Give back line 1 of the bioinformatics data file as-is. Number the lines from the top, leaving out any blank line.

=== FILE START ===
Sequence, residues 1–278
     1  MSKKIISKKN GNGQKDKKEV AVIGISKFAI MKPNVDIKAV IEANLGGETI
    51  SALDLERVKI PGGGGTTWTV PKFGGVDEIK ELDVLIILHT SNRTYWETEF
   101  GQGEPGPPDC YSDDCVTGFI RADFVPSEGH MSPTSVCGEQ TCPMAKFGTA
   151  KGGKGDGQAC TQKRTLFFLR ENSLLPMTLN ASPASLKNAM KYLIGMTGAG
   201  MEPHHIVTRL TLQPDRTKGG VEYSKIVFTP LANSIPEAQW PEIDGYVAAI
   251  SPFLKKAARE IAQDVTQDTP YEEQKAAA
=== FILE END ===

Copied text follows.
Sequence, residues 1–278